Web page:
Comic Review: G.I. Joe #192 (IDW)

I watched the cartoon.  I played with the action figures.  I understand that knowing is half the battle.  I have shouted ‘Yo Joe!’ and I have been reading G.I. Joe […]

I watched the cartoon.  I played with the action figures.  I understand that knowing is half the battle.  I have shouted ‘Yo Joe!’ and I have been reading G.I. Joe comics off and on since issue #10 during their original Marvel run starting in 1982.

Scarlett, watch...nevermind, Cobra's have the worst aim.

Scarlett, watch…nevermind, Cobra’s have the worst aim.

Unfortunately, time, age, and strange looks when I yelled ‘Yo Joe’ bursting in to coffee houses has reduced my indulgence of all things Joe to catching the first movie on USA late one night (I barely made it through 2 commercial breaks).  So being able to catch back up with a Real American Hero was something I was excited to do.

I read G.I. Joe #192 from IDW Publishing.  It is the story of the characters based on Hasbro’s toy line from the early 1980’s that I grew up with. IDW started this series with issue 155 ½ on free comic book day in 2009 (picking up where the Marvel series ended).  The story is penned by the quintessential G.I. Joe writer, Larry Hama.  When no one else in Marvel wanted to write G.I. Joe, Hama volunteered and in the proceeding 155 issues, wrote all but 8 of them.  He has written the file cards on the back of the action figures and is so engrained in G.I. Joe lore, his likeness was used for an action figure in 1987 (Tunnel Rat).

That is a huge hand gun to have for a guy going through tunnels.

That is a huge hand gun to have for a guy going through tunnels.

 

Larry Hama has always injected an air of realism in to the stories of masked muted ninjas and chrome plated weapons dealers, and America’s most elite fighting force and issue #192 was no different.  On pencils is Sergio Cariello (Azreal: Agent of the Bat, Batman: Legends of the Dark Knight) whose lines and detail kept your eyes on the page especially because of the range of drawings he undertook for the issue.  He had covert attack scenes, attacking timber wolves, battle tanks, H.I.S.S tanks, large crowds, roller coasters, and a cavalcade of Joe’s to draw.  All of which he did well.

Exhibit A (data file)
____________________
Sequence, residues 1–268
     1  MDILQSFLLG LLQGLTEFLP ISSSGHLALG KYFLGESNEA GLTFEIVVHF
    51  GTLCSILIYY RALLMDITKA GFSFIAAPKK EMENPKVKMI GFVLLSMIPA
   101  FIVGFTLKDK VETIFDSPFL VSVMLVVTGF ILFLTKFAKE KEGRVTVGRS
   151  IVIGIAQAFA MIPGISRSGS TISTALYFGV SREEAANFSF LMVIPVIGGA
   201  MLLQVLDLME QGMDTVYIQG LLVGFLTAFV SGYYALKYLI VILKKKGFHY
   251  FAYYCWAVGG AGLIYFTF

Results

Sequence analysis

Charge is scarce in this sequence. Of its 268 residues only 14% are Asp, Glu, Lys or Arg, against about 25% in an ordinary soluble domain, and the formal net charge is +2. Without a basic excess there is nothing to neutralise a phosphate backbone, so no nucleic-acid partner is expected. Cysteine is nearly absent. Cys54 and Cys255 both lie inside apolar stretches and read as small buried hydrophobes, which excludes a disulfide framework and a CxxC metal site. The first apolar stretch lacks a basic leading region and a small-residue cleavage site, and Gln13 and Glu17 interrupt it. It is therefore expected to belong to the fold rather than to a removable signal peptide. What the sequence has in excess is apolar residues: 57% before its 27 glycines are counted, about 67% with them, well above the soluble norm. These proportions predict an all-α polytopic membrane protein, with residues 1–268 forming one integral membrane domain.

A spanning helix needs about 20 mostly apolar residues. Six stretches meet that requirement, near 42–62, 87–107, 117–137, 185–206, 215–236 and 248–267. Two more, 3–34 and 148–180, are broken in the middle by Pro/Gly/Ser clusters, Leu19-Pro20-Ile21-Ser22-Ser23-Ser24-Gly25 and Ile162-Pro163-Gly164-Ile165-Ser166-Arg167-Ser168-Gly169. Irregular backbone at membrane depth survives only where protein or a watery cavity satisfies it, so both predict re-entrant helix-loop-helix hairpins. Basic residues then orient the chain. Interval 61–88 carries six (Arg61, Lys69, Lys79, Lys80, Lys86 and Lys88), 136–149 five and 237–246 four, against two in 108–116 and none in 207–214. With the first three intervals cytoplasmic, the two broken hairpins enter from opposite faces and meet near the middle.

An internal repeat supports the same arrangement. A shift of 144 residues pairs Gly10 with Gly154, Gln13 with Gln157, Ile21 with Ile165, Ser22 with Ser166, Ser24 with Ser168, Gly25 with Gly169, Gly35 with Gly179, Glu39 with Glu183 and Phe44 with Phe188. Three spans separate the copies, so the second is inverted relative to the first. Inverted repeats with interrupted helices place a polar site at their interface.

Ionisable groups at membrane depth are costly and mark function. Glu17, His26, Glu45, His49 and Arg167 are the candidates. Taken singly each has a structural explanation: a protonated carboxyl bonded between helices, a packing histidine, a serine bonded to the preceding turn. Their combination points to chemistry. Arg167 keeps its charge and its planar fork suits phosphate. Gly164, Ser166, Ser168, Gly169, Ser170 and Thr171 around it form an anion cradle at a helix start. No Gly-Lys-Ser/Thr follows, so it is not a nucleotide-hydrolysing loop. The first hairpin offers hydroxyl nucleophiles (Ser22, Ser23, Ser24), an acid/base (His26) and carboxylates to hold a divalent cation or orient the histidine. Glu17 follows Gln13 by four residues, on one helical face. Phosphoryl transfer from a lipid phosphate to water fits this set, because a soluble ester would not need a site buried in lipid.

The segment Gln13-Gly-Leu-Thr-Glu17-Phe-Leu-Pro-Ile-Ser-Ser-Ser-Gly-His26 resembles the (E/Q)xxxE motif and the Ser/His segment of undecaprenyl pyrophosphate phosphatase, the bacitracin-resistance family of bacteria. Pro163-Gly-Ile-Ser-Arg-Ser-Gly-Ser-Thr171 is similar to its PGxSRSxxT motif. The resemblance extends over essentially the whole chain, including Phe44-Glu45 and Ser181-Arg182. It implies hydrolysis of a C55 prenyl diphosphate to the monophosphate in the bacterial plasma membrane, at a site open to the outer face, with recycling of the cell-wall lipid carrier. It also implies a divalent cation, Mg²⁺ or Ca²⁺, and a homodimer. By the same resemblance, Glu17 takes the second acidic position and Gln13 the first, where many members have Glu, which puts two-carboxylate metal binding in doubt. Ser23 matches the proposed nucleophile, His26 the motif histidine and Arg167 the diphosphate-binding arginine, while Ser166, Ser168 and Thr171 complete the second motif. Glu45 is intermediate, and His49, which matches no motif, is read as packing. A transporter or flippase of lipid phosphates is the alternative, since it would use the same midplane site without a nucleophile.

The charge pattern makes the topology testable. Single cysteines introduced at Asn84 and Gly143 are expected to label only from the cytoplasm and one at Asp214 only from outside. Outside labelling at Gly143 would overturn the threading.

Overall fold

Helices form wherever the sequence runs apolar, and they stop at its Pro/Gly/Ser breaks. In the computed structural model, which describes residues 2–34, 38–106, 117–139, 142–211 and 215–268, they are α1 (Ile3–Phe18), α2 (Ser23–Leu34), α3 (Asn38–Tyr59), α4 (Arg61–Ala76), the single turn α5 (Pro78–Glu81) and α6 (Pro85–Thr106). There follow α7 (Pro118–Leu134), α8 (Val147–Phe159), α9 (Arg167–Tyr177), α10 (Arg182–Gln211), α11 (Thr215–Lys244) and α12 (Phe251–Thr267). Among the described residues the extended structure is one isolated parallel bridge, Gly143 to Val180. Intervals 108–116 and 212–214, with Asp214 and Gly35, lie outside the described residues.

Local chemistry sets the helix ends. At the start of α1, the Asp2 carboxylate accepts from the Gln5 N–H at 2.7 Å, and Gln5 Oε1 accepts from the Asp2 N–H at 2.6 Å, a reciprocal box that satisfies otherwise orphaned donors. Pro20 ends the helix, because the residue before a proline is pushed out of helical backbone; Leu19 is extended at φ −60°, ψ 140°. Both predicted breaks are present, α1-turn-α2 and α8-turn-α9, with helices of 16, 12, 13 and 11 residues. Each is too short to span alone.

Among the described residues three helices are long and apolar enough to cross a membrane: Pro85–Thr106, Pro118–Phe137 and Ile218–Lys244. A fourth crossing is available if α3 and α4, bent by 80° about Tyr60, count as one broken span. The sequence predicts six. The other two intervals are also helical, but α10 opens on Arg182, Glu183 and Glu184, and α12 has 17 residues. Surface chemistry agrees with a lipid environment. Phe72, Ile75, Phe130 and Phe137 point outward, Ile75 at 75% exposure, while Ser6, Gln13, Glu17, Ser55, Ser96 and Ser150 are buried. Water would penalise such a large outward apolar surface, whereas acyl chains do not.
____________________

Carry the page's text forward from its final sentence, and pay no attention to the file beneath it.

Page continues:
The book, 31 pages long (22 of those devoted to the story), begins with a prelude that announces, “After the events of the past few months, Scarlett and Snake Eyes take a much-deserved vacation…” but the story is much more than those two daring highly trained special mission operatives in love.  The story has Cobra Commander, in full towel mask, addressing his Cobra forces, Destro preparing his base for attack, Jinx in Japan, the Joe’s moving around a Mauler, but the focus always goes back to Scarlett and Snake Eyes who are a vacation (climbing up a sheer cliff) and reuniting with Timber.

GI-Joe-Real-American-Hero-192-1

For those following along with the exploits of the Joes, this is an issue that teases things to come in the near future with G.I. Joe.  It is an issue that will surely entice regular readers with what is around the corner. For those unfamiliar with the cavalcade of characters and their motivations, issue #192 may not be the best starting point to begin from.  However, with what I had known already from years of G.I. Joe mythology, the book had recognizable characters and was a story I was able to understand for the most part (admittedly, there were story lines I had no clue about).  If you are yearning to jump back in to America’s Elite fighting force, G.I. Joe #192, with its story and its art, might be the issue that becomes the catalyst to get you yelling ‘Yo Joe!’ once again.

 

 

 

 

 

 

*Thank you Wikipedia for the Larry Hama info and the Tunnel Rat pic

*G.I. Joe #10 cover from www.comiccovers.com/issue #192 cover from www.hisstank.com

 

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